Mistakenly thought to be a strictly male disease, women make up a significant percentage of American hair loss sufferers. Forty percent of women have visible hair loss by the time they are age 40, according to the American Academy of Dermatology. Hair loss in women can be absolutely devastating for self image and emotional well-being.
Unfortunately, society has forced women to suffer in silence. It is considered far more acceptable for men to go through the same hair loss process. Even more unfortunately, the medical community pays little attention to the issue of women's hair loss. Since hair loss doesn't appear to be life threatening, physicians often overlook women's complaints about hair loss and essentially tell their patients that "it's no big deal," and that "you'll just have to live with it."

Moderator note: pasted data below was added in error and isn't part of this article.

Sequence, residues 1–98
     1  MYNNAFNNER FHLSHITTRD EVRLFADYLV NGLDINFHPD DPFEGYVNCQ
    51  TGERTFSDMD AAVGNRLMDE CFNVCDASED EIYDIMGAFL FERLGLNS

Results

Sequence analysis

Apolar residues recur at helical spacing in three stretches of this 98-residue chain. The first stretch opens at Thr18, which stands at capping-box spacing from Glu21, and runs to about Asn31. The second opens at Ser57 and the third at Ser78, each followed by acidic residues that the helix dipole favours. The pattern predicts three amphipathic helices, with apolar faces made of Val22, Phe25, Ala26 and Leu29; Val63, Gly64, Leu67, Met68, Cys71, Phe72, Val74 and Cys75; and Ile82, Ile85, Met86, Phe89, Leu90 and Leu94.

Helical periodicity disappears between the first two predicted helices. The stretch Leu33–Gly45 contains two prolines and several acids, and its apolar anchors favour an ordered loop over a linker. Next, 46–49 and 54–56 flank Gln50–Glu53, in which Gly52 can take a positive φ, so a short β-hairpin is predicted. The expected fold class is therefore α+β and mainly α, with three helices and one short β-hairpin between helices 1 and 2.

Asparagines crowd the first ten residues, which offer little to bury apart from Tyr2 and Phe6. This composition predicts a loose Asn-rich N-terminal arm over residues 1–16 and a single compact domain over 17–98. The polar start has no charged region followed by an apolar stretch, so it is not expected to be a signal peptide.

Although remedies promising to restore hair to balding heads have been around since ancient times, most men and women with thinning hair can do little to reverse the process. For cosmetic purposes, or after hair loss from surgical or drug treatments, many people turn to wigs, hairpieces, and hair weaving. Some people get tattoos to simulate lost eyebrows and eyelashes. Certain drugs may slow hair loss, and alternative treatments may bolster the health of remaining hair, but no treatment is likely...
Of course what these physicians don't seem to realize is that the psychological damage caused by hair loss and feeling unattractive can be just as devastating as any serious disease, and in fact, can take an emotional toll that directly affects physical health.
The American Hair Loss Association recognizes that hair loss in women is a serious life-altering condition that can no longer be ignored.